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Cocktail Conundrums
May 29, 2000

Dear Cal, I am HIV positive for exactly ten years this month. The last two blood tests revealed T-cell counts of 186 and viral load of 12 and then 30 thousand. The T-cell decline has been steady but the viral load has remained under twenty until now. I have decided to begin antiviral treatment and have been given a number of recommendations by various health professionals. 1. Combivir-Sustiva 2. Zerit-Ziagen-Viramune 3. Sustiva-Ziagen-Epivir 4. Combivir-Ziagen-Viramune 5. Combivir-Viramune I have been taking herbs and vitamins regularly for seven years and while I travel extensively for work, I don't expect to have problems with any drug regimen. I have had a mildly irritable bowel since my twenties and it has worsened lately. Otherwise, I am feeling perfectly fine. What do you recommend? Thanks

Response from Dr. Cohen

Well....

First -- glad you decided to start. While there is much that is uncertain about when to start -- it is fair to say that all of us get increasingly nervous when those CD4's go below 200 -- since we know that is the range where nasty illnesses start. And there is still time to recover the cells, with a high chance of success.

As for which combo -- all of those you mention are reasonable. And I can list a few other variations on these themes -- like zerit, epivir, and sustiva... All of these are variations on one nonnuke (viramune vs. sustiva) and two nucleosides. There is no one best combo, and I don't pretend to have the answer as to which one of those you list would be the best -- since each is very likely to work, but each has some small list of potential side effects as well... so there is no one "winner". And what is more -- there is no way to know which one you would feel best on. For example -- some feel fine on Sustiva with no side effects at all, while others find the dizziness pretty distressing. Some get liver irritation on viramune while others don't. That variability in how people respond is why starting a combo, while being actively in touch with whoever you are working with -- is an essential key. Since we can't be sure how you would do -- AND there are substitutions we can make if your first choice isn't working out.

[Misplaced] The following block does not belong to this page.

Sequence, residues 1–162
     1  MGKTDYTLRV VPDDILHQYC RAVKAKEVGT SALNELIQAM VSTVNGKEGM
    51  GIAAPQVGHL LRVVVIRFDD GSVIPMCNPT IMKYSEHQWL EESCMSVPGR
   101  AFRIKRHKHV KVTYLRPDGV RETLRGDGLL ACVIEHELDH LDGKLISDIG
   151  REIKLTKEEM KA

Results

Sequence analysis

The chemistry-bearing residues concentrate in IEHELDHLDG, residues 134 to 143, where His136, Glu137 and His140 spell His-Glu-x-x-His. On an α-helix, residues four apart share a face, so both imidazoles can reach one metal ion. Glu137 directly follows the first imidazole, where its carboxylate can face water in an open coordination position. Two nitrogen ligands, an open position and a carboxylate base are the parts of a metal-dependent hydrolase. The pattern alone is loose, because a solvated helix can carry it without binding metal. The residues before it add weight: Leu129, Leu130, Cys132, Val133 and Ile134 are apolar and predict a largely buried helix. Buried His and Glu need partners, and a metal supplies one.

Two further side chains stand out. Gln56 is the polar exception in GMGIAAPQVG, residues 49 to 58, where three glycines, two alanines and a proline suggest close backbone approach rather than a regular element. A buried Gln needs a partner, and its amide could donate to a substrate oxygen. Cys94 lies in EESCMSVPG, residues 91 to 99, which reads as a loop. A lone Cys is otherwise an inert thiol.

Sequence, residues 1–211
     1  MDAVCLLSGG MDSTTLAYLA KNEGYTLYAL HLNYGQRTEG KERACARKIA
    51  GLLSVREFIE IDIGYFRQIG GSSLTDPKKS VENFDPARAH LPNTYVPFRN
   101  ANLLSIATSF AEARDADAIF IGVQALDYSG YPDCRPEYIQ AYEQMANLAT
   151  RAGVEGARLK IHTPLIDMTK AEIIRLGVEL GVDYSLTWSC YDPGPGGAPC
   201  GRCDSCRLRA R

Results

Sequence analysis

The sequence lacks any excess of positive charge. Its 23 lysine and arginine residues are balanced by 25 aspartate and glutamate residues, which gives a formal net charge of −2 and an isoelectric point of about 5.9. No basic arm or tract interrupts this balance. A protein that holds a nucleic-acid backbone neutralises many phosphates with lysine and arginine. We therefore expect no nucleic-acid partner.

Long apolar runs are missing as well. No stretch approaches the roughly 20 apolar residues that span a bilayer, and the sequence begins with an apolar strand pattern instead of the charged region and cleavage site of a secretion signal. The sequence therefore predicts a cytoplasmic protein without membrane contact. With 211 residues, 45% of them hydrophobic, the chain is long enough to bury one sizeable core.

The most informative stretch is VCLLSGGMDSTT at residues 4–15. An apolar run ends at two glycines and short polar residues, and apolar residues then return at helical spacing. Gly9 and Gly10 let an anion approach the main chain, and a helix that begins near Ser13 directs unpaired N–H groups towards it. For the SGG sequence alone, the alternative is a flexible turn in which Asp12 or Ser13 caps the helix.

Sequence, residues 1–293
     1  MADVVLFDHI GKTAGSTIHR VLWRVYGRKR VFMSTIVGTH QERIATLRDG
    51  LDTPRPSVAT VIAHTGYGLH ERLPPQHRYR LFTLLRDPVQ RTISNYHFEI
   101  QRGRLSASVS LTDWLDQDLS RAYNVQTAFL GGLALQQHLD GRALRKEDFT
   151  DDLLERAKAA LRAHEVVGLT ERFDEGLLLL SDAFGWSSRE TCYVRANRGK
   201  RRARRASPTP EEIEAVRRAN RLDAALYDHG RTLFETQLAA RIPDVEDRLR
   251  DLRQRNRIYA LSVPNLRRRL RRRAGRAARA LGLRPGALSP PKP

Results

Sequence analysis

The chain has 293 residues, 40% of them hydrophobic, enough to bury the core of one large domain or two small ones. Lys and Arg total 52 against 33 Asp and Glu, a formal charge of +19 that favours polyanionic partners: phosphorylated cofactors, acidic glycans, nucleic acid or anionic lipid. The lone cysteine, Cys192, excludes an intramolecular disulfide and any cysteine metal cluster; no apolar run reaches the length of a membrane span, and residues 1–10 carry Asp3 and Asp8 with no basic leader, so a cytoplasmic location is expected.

Some fine tuning: one of your combos above (#4) is four meds -- and while that would be more potent -- it is unclear if you need the added potency given your current lab tests. And each med can introduce more potential toxicity -- so I am not sure if you need a four drug combo. Also, #2 uses ziagen before you've taken epivir -- and while you can do this, if you get resistance to the ziagen, you risk losing epivir as well, so some would either use them together or use the epivir first and "save" the ziagen to use second if the epivir combo "fails". And #3 is a newer combo idea with not much info to demonstrate how well it would work -- although it is reasonable to expect it would work fine.

One approach you might consider, depending on where you live -- is to consider a clinical study. We in Boston and many others are doing studies comparing some of the combinations you mention -- and sometimes trying to improve on them as well. Like using these or other meds just once a day.

Whichever you pick -- any of them will work only if you can take them -- each dose, each day. Each is pretty simple -- a small number of meds just twice a day -- but the need to take them is still key.

While I have no "favorite" -- you can have confidence that each should work, and work well. Let us know.

Cal Cohen, M.D., M.S.



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